The nomination of Adam Klein as chairman of the Privacy and Civil Liberties Oversight Board (PCLOB) is a welcome move by the president. Klein has excellent credentials for this position, having served as a law clerk to U.S. Supreme Court Justice Antonin Scalia and most recently as a senior fellow at the Center for a New American Security. As readers of this site, to which he is a frequent contributor, know well, Klein is well situated to build upon the solid foundation created by previous PCLOB Chair David Medine.
David Hoffman is Associate General Counsel and Global Privacy Officer at Intel, in which capacity he oversees Intel’s privacy activities and security policy engagements. Mr. Hoffman has served on the FTC Online Access and Security Advisory Committee and the DHS Data Privacy and Integrity Advisory Committee. From 2005–2009, Mr. Hoffman served on the Board of Directors for the International Association of Privacy Professionals and he is currently a member of the Advisory Board for the Future of Privacy Forum. He has lectured on privacy and security law at schools in the US, Europe, Japan and China and is a Senior Lecturing Fellow at his alma mater, Duke University School of Law.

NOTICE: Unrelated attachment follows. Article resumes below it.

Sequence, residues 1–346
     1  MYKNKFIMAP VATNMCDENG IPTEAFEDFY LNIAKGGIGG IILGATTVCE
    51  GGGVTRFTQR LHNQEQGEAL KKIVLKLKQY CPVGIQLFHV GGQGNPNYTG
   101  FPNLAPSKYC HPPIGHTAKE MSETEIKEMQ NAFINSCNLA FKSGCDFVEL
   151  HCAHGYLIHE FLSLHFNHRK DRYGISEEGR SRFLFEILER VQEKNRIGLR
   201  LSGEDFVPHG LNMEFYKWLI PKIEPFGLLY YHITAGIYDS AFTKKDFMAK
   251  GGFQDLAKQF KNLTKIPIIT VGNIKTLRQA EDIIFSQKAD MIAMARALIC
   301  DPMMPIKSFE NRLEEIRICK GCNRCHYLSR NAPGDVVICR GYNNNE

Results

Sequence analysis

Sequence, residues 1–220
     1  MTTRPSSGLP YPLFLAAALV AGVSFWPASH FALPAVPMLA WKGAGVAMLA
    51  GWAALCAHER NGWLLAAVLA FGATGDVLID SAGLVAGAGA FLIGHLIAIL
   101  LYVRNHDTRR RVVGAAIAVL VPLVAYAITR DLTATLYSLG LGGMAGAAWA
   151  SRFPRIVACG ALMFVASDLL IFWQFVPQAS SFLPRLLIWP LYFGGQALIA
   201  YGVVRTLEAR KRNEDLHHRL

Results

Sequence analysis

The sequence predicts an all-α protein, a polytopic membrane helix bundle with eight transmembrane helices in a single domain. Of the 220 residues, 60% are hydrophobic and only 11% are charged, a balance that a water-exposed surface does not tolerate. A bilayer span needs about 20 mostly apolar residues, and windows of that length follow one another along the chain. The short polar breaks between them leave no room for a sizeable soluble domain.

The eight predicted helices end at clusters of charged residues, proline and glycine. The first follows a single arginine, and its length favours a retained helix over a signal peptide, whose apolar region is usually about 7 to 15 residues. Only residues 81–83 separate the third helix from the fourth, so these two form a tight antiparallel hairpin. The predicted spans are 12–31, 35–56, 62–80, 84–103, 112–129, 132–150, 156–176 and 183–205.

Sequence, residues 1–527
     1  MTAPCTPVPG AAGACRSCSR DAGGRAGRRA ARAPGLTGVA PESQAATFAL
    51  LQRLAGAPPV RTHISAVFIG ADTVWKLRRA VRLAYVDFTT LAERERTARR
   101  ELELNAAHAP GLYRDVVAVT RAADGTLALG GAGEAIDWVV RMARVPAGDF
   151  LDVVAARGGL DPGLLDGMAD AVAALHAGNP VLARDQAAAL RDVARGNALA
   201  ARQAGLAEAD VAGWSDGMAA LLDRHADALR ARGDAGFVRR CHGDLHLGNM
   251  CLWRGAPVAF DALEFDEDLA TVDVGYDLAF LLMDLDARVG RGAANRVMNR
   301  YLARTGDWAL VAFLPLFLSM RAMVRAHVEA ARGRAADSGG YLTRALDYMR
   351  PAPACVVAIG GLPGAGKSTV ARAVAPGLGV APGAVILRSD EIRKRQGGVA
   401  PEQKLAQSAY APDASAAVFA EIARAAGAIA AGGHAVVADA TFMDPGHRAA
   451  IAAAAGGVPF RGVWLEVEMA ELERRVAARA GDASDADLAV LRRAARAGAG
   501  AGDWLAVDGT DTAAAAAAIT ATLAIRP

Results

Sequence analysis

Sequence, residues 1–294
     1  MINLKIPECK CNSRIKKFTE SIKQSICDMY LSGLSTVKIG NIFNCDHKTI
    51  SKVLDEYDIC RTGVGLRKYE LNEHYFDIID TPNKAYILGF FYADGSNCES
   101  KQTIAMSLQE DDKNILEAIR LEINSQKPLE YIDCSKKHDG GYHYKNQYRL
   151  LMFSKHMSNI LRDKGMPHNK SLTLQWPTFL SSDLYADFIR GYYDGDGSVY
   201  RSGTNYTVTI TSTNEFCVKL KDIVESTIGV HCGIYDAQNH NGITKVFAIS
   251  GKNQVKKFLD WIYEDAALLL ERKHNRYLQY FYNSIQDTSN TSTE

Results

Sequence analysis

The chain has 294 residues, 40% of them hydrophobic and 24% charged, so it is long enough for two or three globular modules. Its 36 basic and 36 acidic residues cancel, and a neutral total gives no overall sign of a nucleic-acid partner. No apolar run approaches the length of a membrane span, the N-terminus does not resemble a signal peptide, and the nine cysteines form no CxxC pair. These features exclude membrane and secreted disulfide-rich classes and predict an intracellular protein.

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In May 2014, the Court of Justice of the European Union (CJEU) ruled that search engine operators in the EU are responsible for handling individuals’ requests to remove links to personal information that appear in search engine results.
As we explore how best to use data analytics to provide value for important social functions like healthcare, education, transportation and law enforcement, many people believe that the use of the data will necessarily erode privacy. I believe not merely that we can preserve privacy, but that data analytics can particularly serve privacy interests when we use data to increase security.
Today is Data Privacy Day, an annual event in which I am — rather proudly — personally invested. Data Privacy Day began with a conversation at my dinner table eight years ago, when Leonardo Cervera Navas (then with the European Commission and now with the European Data Protection Supervisor’s office) and Jolynn Dellinger (then with Intel and now with Minding Privacy) joined my family for dinner.